Thirty Days of Darkness, Jenny Lund Madsen

Book Review: Thirty Days of Darkness, Jenny Lund Madsen, translated by Megan Turney

Thirty Days of Darkness, Jenny Lund Madsen

Literary Fiction: Thirty Days of Darkness, Jenny Lund Madsen, translated by Megan Turney

Blog Tour: May 15, 2023


Some publishers seem to outdo themselves with finding books that are incredibly well done and worthy of much larger audiences. Orenda, time after time after time, leads that group. I am not sure who at Orenda is responsible for finding their books, but they deserve all the commendations they can receive. WIth Thirty Days of Darkness, Orenda has hit another home run (or whatever the UK equivalent is).


In this novel, Hannah is a Cophenhagen writer of literary fiction. Her work is erudite, profound, critically acclaimed, and virtually unread. She is worried that her publisher is going to drop her, she is plagued with writer’s block, and she is jealous of the success of more mainstream authors.


Publicly challenged to write a genre-fiction novel in thirty days, Hannah accepts the bet. Her publisher sends her from Copenhagen to a small town in the north of Iceland so she can concentrate on her writing, free of the distractions of home. However, two days after arriving, the body of a local fisherman’s son is pulled from the water.


So begins a book that is really a novel within a novel about a novel. Hannah takes some inspiration (if that’s the right word) from the crime for her own book. She also stumbles into trying to solve the crime herself. A more unlikely gumshoe is hard to imagine: an arrogant urban auteur who does not speak Icelandic trying to solve a murder in a fishing community far from any city. Throw in an unlikely friendship, a passionate romance, an unreported crime from decades earlier, and violent attacks trying to get Hannah off the case, and you have a series of disparate plots that seem impossible to bring together.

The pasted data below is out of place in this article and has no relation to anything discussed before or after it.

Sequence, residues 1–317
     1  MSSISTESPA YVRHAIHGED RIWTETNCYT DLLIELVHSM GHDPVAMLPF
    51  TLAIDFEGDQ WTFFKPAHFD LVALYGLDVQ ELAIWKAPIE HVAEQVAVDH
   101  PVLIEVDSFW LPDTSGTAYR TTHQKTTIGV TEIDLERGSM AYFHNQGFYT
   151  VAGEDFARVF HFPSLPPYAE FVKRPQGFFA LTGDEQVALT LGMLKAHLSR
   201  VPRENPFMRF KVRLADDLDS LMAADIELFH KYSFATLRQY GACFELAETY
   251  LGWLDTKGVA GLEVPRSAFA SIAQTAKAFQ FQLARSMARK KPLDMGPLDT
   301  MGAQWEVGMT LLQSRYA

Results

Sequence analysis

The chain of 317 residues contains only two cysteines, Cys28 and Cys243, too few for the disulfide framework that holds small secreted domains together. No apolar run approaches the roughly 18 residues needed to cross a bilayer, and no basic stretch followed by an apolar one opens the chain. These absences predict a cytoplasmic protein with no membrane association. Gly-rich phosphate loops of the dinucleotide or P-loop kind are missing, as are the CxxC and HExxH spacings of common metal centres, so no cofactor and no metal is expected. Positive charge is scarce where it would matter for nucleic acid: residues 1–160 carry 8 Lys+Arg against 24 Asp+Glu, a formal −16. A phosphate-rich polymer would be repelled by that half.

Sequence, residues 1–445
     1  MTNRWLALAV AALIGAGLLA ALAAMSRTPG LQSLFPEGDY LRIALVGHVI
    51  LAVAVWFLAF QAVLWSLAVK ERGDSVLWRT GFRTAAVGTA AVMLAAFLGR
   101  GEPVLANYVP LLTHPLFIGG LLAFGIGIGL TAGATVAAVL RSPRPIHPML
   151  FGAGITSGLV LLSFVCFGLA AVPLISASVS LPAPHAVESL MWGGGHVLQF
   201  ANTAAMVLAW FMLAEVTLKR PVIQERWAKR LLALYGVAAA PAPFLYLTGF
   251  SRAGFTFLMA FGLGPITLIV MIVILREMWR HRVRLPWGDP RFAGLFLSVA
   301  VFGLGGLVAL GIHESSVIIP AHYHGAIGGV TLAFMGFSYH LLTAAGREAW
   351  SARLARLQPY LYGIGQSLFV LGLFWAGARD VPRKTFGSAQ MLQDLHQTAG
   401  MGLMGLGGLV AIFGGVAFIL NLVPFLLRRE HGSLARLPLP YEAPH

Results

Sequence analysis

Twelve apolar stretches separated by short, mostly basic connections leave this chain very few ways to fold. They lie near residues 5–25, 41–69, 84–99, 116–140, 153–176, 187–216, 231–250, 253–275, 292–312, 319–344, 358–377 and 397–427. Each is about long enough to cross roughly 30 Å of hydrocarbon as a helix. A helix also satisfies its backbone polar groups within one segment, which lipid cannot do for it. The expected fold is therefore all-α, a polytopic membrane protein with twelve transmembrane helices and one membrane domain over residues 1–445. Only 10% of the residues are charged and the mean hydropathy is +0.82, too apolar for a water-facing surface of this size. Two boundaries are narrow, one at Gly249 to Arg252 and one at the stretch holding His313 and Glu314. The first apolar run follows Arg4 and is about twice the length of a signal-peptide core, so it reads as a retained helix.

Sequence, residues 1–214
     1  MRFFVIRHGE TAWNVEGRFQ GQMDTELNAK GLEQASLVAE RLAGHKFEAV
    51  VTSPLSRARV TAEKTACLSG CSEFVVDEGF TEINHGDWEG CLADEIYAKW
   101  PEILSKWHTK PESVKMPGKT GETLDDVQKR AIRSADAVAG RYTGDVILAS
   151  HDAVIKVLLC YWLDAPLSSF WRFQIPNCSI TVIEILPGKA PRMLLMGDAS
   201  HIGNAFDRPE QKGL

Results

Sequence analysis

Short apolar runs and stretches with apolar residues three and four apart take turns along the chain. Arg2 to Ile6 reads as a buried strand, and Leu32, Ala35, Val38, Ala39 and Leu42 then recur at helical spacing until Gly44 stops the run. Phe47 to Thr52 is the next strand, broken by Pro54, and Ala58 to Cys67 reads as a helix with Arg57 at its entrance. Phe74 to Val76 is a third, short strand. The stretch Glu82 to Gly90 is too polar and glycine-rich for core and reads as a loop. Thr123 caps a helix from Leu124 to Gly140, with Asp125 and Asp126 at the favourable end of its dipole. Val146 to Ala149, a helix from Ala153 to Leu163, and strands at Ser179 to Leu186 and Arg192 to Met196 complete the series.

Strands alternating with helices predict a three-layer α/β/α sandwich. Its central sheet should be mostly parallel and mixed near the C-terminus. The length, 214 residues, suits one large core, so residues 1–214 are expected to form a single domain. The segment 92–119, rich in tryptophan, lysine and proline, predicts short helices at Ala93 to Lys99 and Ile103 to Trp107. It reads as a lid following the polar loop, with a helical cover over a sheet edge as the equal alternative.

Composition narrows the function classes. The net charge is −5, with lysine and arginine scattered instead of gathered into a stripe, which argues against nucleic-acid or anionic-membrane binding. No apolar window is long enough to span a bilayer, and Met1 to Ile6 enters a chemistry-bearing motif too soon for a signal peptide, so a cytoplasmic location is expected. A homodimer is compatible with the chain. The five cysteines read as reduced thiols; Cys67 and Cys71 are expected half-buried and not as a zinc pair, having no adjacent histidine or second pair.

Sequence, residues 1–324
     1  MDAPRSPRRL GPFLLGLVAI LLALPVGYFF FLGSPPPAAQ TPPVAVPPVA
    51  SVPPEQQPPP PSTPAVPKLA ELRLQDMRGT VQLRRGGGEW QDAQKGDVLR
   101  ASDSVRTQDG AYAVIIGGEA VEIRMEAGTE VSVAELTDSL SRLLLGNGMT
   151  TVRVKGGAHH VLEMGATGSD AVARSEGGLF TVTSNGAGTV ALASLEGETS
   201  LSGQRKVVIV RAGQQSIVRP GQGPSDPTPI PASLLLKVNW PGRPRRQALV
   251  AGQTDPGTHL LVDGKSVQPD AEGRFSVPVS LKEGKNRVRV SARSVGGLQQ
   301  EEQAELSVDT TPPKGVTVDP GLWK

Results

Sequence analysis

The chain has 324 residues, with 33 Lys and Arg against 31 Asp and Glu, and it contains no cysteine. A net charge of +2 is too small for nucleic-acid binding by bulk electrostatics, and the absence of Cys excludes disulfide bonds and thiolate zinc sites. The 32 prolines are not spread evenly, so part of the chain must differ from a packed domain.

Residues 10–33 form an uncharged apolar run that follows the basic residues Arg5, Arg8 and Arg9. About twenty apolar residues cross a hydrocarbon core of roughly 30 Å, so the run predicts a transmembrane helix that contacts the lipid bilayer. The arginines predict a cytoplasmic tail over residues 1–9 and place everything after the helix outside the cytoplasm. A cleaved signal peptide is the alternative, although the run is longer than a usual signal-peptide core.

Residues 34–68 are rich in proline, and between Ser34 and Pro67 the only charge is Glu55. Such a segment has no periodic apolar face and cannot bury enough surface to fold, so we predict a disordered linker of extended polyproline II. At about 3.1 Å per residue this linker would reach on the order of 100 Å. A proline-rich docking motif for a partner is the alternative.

Impossible, that is, for someone less talented than Jenny Lund Madsen. A scriptwriter turned novelist, her book reads like the story arc of a well-plotted series. That is perhaps not a fair comparison, since so many of those series fail to deliver. This novel does not. It is smart, sweeping, and twisty. Madsen expertly takes all of these plots and ties them together into a very satisfying and somewhat unexpected conclusion. Wonderfully translated by Megan Turney, the nordic origin of the novel is brought into English. Tunney explains the Danish or Icelandic cultural points deftly as part of the novel when needed–and lets them stand on their own when the flavor of the original is needed. I read it in English, but I never forgot that this was a book from an adjacent culture. Expertly crafted and translated from start to finish.


Our thanks to Anne Cater from Random Things for our copy of Thirty Days of Darkness, provided so we could write an honest review. The opinions here are solely those of Scintilla. For other perspectives, check out the other bloggers on this tour.

Thirty Days of Darkness, Jenny Lund Madsen

Book Review: Thirty Days of Darkness, Jenny Lund Madsen, translated by Megan Turney

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